How society views people with addiction can produce complex consequences. Anticipating stigmatization might lead a person to deny their illness, avoid treatment seeking, or prematurely end treatment services. Self-stigmatization, when a person begins to internalize the stigmas associated with their condition, might amplify these fears and lead people to reject social support and treatment. This week, The WAGER reviews a study by Nerilee Hing and Alex Russell that explores how the anticipation of stigma influences self-stigma among people with gambling-related problems.
What is the research question?
What aspects of public attitudes toward problem gambling contribute to public stigma? How do these public attitudes, and public stigma, relate to self-stigma?
What did the researchers do?
The researchers recruited 177 respondents via two recruitment methods: (1) by inviting participants from a database of Australian gamblers who previously completed surveys with the researchers, and (2) through Google advertisements. All participants reported gambling-related problems on the Problem Gambling Severity Index (PGSI). The researchers assessed many aspects of anticipated public attitudes about problem gambling. First, a questionnaire asked participants about common stereotypes of people with gambling-related problems and the extent to which most people would separate from, look down on, or feel anger toward people with gambling-related problems (i.e., separate, status loss, anger). Second, a questionnaire asked participants how strongly most people would “think that being a problem gambler disrupts the person’s life” (disruptiveness) and “think that becoming a problem gambler is the person’s own fault” (origin). Finally, the researchers assessed how much stigma participants thought most people attach to problem gambling (anticipated public stigma) and bad feelings about their own gambling (self-stigma). The researchers used bivariate correlation and mediation analyses to learn how aspects of anticipated attitudes about problem gambling related directly to anticipated public stigma and indirectly to self-stigma.
What did they find?
Participants who anticipated a high amount of public stigma about problem gambling reported high self-stigma. In the mediational model, stereotyping and disruptiveness were particularly important. Participants who thought that most people (1) hold negative stereotypes about people with gambling-related problems and (2) think that being a problem gambler disrupts a person’s life also thought most people attached a lot of stigma to problem gambling; as a result, they felt a high degree of self-stigma (see Figure 1).1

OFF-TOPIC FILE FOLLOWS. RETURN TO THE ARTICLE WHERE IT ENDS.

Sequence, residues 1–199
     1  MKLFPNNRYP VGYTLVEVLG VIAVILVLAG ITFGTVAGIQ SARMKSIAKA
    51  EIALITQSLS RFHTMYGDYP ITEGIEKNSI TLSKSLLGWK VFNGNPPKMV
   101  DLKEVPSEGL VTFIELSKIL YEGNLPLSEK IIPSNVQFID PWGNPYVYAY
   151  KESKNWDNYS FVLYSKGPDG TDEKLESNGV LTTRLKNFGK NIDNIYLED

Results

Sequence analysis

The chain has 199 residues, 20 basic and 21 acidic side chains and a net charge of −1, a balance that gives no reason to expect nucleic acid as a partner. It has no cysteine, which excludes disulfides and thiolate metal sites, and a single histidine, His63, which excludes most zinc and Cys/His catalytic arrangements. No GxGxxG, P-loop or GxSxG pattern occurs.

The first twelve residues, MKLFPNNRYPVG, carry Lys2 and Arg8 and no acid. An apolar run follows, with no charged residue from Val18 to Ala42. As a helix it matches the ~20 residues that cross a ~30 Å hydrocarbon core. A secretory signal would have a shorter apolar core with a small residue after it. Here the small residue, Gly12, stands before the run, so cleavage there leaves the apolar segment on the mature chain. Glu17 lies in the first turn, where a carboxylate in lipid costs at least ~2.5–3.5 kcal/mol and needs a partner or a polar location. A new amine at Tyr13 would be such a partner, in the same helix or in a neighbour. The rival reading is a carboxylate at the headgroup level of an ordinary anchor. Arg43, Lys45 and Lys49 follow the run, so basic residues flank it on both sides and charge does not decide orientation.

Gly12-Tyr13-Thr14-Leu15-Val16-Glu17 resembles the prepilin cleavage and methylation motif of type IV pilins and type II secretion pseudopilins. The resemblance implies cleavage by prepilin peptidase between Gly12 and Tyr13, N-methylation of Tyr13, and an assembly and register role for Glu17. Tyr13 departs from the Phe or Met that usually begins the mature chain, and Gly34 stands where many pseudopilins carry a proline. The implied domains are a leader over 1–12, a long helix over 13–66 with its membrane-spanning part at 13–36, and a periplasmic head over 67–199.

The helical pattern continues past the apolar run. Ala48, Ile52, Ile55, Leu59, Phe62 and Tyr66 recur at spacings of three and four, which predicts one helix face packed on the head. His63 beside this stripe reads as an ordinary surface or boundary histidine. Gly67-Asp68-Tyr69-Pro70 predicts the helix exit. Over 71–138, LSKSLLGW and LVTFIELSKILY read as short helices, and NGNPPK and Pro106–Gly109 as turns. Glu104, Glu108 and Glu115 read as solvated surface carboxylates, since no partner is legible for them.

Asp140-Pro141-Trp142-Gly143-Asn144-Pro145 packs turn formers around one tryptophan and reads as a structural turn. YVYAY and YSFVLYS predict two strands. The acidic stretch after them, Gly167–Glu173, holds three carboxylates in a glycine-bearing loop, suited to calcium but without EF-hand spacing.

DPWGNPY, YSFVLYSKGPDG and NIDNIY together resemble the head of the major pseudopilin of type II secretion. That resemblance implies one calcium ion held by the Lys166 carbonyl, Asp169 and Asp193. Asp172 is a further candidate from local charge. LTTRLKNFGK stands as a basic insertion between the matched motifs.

Figure 1: This figure represents a path analysis, with aspects of anticipated public attitudes about problem gambling on the left hand side and kinds of stigma on the right hand side. Numbers represent standardized coefficients. Coefficients marked by an asterisk are statistically significant. The green paths, marked by broken arrows, represents how well the aspects of anticipated public attitudes about problem gambling predicted self-stigma. The blue paths, marked by solid arrows, represents how well the aspects of anticipated public attitudes about problem gambling predicted self-stigma when anticipated stigma is included as a mediator. This figure has been adapted from Figure 2 in the original study. Click the image to enlarge
Why do these findings matter?
Internalizing stigma is painful and consequential. Although there is effective treatment for gambling problems, people might avoid seeking help because they expect others will judge them. This study suggests that some aspects of anticipated public attitudes are especially important. Some people experiencing problem gambling expect that most people will hold a range of negative stereotypes about them and consider problem gambling to be highly disruptive. Sharing stories about the actual, lived experiences of people with gambling-related problems might help to de-stigmatize the condition and encourage more help-seeking.
Every study has limitations. What were the limitations in this study?
This study was meant to explore the relationships between various aspects of stigma and therefore contributes ideas for future research. Exploratory studies are not guided by hypotheses, and further research is needed to determine whether the findings are replicable. Additionally, the authors note that their results might have been biased by the use of both an online sample and a convenience sample. The results might be different if this study were replicated with people without internet access and people who were taken at random from the population.
For more information:
There’s strength in reaching out. Call or text the National Problem Gambling Helpline at (800)522-4700 or chat with a counselor online.
1The researchers also controlled for age, gender, and PGSI score.
-- Pat Williams
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